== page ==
Mount Everest has been shut down for the remainder of the expedition season as a result of the coronavirus outbreak.
Officials in Nepal announced they would be cancelling all climbing permits from tomorrow, March 14, until April 30.
This comes after China previously decided to cancel all expeditions coming from the northern side of the mountain, which is controlled by China.
Nepal earns up to $4 million (£3.1 million) by issuing climbing permits each year, on top of other tourism revenue, according to reports, so the closing of the mountain will no doubt have huge effects on the region’s income.
Narayan Prasad Bidari, secretary of the Prime Minister’s office, told BBC News:
We have decided to halt all tourist visas until 30 April.
As of now, all issued permits and permits yet to be issued for the 2020 Everest season will be cancelled.
Government advisers also told foreigners who were unable to avoid coming to Nepal from March 14 to stay in quarantine for 14 days.
The majority of people who travel to Nepal to climb Everest come from the United States, India, China, Japan, UK and South Korea, generating large sums of revenue for the Nepalese government.
That’s because anyone who wants to climb the highest mountain on Earth must pay the government an eye-watering $11,000 (£8,700) for the privilege. There has even been talk of raising that figure even higher in recent months.
And the expense doesn’t stop there – as climbers also need to shell out fees to the travel companies, which can also cost climbers thousands.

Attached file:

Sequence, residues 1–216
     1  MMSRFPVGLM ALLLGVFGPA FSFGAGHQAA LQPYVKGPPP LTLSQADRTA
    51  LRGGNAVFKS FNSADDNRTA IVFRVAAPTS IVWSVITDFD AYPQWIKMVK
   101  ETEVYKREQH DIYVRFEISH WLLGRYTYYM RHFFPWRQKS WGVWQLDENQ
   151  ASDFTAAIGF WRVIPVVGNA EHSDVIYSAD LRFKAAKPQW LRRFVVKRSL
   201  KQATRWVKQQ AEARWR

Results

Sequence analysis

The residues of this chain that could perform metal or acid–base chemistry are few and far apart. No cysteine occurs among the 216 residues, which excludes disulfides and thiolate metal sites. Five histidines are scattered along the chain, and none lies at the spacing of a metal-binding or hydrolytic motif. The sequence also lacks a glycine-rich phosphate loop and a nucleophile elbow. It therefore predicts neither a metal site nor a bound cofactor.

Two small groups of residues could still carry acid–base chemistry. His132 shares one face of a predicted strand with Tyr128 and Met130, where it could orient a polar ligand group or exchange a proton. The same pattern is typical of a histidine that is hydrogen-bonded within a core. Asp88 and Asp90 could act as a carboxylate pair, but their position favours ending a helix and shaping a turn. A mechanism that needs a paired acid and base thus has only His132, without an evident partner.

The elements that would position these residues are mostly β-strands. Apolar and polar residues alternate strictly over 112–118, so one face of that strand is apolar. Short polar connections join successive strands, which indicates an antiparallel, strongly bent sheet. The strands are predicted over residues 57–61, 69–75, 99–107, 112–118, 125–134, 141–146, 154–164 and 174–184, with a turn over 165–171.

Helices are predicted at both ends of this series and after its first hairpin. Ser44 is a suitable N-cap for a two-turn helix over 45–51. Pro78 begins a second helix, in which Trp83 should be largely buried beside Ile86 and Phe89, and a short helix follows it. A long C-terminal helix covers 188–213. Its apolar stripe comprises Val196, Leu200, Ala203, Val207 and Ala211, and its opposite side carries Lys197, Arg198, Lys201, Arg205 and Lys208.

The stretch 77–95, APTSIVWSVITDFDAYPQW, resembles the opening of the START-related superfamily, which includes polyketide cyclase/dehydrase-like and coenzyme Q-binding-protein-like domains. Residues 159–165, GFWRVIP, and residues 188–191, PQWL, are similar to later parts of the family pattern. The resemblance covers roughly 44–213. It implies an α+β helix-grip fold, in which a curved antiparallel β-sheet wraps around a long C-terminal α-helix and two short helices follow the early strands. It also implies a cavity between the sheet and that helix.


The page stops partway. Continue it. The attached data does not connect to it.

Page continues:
Sadly, the closure of the mountain is likely to mostly affect local sherpas, who work as mountain guides for tourists.
Lakpa Sherpa, managing director of Pioneer Adventure, told BBC Nepali:
My nine Chinese clients and a Japanese client have cancelled already. Many trekking teams are not coming, which is a big loss for sherpas like us who make most of our money during this time.
At the time of writing, there is just one confirmed case of coronavirus in Nepal, however the country borders with India, where more than 70 cases have been confirmed.
Residents in Nepal have been asked by the government to avoid mass gatherings, including marriages and public functions, until the outbreak calms.
More than 100,000 people have been diagnosed with COVID-19 worldwide, according to figures provided by the World Health Organization.
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